May 5 (Bloomberg) -- BDO USA, the accounting firm formerly known as BDO Seidman LLP, agreed to settle a lawsuit that accused it of failing to detect a fraud in a joint venture of former client Banco Espirito Santo SA.
BDO won reversal of a $521.7 million jury verdict in the case last year when a Florida appeals court ordered a new trial. The terms of the settlement are confidential, Jerry Walsh, a BDO spokesman, said.
“BDO USA LLP has entered into confidential settlement agreements with Banco Espirito Santo and Barry Mukamal, the bankruptcy trustee of E.S. Bankest LC, pursuant to which the lawsuits against BDO have been resolved,” Walsh said in an e-mailed statement.
Banco Espirito Santo, based in Lisbon, sued in 2004 claiming it suffered losses when New York-based BDO certified as real accounts receivable at E.S. Bankest that were fake.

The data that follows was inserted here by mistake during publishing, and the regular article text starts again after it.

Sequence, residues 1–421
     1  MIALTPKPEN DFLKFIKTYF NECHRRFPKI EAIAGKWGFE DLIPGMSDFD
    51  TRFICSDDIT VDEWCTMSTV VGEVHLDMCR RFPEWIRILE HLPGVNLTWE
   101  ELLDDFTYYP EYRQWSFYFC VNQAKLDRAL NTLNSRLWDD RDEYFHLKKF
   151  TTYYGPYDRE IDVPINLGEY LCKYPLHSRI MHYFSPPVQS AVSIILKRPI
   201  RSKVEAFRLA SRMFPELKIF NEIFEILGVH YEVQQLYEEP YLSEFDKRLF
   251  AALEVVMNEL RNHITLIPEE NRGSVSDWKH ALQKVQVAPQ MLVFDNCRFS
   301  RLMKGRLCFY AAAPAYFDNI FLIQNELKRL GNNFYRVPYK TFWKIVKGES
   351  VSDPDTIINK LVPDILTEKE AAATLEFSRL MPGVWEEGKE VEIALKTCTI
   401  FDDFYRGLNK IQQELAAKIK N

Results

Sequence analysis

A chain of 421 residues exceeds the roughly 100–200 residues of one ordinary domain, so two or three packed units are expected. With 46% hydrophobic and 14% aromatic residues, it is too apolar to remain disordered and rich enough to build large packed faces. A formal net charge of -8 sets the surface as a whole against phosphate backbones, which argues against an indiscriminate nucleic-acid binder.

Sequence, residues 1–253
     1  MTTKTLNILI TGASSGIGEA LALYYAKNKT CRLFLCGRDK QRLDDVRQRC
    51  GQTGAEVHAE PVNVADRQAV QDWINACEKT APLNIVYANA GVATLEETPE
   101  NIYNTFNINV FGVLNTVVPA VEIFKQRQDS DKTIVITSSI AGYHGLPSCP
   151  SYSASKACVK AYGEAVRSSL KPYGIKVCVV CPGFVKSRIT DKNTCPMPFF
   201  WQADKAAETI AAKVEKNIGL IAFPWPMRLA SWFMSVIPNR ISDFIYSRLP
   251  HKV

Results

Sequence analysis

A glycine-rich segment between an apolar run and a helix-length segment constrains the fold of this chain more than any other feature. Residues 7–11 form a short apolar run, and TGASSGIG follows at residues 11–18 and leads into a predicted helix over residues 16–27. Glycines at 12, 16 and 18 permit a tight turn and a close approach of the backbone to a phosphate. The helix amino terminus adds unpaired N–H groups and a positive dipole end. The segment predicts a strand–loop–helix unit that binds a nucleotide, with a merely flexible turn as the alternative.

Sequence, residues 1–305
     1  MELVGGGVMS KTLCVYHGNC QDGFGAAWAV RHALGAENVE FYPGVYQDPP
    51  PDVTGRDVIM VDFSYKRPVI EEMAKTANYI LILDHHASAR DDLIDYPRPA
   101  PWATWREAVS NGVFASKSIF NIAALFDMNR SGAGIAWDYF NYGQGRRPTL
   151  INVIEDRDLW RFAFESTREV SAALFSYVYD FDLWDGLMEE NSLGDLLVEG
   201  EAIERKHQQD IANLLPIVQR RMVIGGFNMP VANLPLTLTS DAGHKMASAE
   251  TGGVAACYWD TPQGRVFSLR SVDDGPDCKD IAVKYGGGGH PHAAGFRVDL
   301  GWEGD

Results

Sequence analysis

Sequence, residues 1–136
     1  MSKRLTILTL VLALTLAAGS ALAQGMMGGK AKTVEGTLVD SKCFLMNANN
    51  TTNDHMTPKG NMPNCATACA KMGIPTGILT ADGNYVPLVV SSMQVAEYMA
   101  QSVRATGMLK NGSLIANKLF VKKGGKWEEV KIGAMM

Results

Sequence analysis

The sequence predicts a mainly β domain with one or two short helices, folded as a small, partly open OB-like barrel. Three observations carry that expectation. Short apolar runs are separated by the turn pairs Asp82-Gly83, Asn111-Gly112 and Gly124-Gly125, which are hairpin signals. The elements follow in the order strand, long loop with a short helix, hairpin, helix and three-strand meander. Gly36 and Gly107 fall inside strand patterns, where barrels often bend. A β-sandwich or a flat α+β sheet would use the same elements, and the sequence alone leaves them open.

In 1998, the bank formed E.S. Bankest, which bought receivables and collected the debt, as a joint venture with Bankest Capital. E.S. Bankest officials faked millions of dollars in receivables, and four executives were later convicted of crimes. Banco Espirito Santo sold its interest in 2002 for $10 million.
Florida’s Third District Court of Appeal in Miami ruled in June that a 2007 jury award in the case should be reversed because a decision to split a trial in three parts possibly prejudiced jurors.
U.S. Bankruptcy Judge A. Jay Cristol in Miami, who is overseeing E.S. Bankest’s bankruptcy case, ordered the settlement papers sealed and will hold a private hearing in chambers about the accord on May 19.
The case is Banco Espirito Santo International Ltd. v. BDO Seidman LLP, 04-14009-CA-01, 11th Judicial Circuit of Florida (Miami-Dade County).
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